This famous bridge spans the Arno at its narrowest point. The original version was presumably constructed by the Romans, but records of its existence did not appear until 996.
Two previous incarnations of the bridge were swept away in floods before the present structure was built in 1345, with a tower being constructed at the southeast corner to defend it. Consisting of three segmental arches, the bridge had shops lining the central passageway, which was a common feature during the Renaissance.
When the Medici family bought the Palazzo Pitti in 1549, the interior of the bridge's upper levels was redesigned. The new plans included a secret walkway crossing the bridge, serving as a link in a series of tunnels built by the Medici so they could travel from the Palazzo Pitti to the Palazzo della Signoria undetected.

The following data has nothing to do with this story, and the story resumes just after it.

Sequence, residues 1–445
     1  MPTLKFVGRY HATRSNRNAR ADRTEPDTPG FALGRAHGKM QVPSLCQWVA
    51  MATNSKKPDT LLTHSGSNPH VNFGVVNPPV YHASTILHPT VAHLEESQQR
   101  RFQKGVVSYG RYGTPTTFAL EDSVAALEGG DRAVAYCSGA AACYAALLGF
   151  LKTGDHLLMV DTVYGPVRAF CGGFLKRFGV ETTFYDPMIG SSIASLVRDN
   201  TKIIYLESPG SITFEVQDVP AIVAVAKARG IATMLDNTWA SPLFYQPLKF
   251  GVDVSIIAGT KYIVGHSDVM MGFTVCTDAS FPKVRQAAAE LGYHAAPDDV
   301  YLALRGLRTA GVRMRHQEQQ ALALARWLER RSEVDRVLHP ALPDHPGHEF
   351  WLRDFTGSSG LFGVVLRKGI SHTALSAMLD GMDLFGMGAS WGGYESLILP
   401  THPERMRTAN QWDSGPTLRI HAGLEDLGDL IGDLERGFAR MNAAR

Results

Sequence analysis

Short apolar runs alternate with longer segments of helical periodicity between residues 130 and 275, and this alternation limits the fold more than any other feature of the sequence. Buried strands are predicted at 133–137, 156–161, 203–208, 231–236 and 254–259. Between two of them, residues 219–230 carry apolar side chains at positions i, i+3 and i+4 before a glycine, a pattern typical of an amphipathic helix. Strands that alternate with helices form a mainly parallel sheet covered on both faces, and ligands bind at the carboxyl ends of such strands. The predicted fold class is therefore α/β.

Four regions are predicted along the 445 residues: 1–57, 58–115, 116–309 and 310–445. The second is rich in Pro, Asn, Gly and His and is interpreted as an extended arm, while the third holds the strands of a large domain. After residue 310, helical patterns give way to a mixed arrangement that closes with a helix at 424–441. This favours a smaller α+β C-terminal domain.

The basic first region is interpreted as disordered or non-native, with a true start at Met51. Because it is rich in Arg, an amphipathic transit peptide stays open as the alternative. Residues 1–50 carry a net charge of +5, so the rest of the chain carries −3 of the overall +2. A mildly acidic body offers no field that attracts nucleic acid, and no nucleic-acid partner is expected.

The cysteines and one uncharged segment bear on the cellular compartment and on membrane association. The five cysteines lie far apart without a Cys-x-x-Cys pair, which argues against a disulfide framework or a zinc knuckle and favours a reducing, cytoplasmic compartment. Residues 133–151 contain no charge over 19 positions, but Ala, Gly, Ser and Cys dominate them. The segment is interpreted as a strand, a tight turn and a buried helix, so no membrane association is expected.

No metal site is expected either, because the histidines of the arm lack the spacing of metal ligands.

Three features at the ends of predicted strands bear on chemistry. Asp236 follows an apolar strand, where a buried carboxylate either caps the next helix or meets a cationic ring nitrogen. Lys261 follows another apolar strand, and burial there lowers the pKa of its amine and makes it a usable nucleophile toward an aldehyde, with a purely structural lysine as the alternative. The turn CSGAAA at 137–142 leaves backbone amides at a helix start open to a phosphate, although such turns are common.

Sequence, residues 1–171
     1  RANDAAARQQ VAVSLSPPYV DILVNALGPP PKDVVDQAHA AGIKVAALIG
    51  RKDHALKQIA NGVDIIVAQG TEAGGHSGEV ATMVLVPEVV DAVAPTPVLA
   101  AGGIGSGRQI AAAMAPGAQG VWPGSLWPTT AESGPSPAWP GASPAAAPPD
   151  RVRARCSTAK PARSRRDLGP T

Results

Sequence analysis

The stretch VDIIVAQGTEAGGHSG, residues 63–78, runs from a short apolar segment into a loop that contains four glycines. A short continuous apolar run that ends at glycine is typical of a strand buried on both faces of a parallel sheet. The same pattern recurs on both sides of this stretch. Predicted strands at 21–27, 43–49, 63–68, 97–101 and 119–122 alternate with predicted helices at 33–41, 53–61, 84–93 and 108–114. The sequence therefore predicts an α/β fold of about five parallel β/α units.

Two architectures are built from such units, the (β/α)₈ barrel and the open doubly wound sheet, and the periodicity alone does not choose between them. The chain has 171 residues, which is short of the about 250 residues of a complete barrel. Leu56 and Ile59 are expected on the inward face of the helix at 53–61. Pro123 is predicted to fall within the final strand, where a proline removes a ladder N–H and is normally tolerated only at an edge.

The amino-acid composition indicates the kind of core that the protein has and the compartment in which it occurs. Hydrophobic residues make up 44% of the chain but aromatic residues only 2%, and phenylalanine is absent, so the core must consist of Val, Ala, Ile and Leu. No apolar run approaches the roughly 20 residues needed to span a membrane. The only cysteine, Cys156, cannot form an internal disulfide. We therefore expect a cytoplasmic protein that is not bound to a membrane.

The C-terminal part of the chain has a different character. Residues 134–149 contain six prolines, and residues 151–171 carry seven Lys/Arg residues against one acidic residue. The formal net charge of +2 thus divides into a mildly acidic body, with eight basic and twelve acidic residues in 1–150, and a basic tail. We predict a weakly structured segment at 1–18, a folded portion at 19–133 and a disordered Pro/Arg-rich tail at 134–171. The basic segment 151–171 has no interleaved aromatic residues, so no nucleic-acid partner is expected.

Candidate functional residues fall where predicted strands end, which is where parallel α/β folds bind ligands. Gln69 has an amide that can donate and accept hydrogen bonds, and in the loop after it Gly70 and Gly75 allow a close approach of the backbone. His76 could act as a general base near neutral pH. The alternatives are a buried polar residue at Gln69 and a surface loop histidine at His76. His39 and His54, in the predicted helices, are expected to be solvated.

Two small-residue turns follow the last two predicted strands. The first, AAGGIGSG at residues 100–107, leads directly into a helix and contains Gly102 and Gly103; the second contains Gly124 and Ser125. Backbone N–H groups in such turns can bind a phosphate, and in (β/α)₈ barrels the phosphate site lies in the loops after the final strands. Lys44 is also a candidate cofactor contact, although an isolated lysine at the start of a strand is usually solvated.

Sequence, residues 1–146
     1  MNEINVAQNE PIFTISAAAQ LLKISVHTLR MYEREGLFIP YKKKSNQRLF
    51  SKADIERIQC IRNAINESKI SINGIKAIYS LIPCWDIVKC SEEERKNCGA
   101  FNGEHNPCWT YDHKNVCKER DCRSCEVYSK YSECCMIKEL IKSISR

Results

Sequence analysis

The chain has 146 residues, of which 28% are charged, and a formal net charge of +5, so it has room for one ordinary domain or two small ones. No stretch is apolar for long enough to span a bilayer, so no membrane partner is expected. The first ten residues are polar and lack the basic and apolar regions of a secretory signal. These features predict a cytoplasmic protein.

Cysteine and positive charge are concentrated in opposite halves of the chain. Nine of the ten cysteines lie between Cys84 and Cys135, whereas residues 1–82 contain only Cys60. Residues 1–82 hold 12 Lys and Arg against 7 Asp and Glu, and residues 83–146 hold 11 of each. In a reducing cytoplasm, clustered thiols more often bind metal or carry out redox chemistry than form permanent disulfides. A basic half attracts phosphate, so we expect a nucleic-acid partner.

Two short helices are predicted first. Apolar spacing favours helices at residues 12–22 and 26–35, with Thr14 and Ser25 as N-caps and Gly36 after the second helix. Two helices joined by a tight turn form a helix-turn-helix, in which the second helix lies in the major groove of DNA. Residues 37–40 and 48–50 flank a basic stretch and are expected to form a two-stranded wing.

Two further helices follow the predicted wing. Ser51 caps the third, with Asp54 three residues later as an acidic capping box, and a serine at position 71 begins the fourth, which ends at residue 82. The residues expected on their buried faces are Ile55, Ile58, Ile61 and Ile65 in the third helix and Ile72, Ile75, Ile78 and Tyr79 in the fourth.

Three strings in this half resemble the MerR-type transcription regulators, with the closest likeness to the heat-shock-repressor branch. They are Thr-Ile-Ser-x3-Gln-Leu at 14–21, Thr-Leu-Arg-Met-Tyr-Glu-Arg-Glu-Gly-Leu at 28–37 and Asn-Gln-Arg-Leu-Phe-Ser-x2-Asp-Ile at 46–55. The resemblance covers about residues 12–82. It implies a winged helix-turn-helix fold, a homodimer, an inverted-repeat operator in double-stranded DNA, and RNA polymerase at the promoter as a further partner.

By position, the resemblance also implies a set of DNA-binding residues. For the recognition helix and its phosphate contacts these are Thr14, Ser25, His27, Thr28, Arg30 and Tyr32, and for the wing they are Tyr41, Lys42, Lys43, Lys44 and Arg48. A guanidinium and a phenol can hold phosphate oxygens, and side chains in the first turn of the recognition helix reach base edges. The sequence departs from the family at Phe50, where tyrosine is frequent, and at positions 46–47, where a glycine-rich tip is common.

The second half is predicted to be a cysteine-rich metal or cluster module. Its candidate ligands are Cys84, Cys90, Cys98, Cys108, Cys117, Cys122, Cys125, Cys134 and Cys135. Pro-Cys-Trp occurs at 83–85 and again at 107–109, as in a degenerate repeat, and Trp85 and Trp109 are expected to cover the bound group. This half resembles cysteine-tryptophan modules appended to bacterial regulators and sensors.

In 1476, the bridge was the site of a large street fight between the friends of Ezio Auditore da Firenze, and of Vieri de' Pazzi, who had recently developed a strong rivalry over the issues involving their fathers.
Bonfire of the VanitiesEdit
In 1498, the bridge was blockaded by the Condottiero, one of the lieutenants of Girolamo Savonarola, who demanded payment for passage. However, the Condottiero was later killed by the Assassin Ezio Auditore.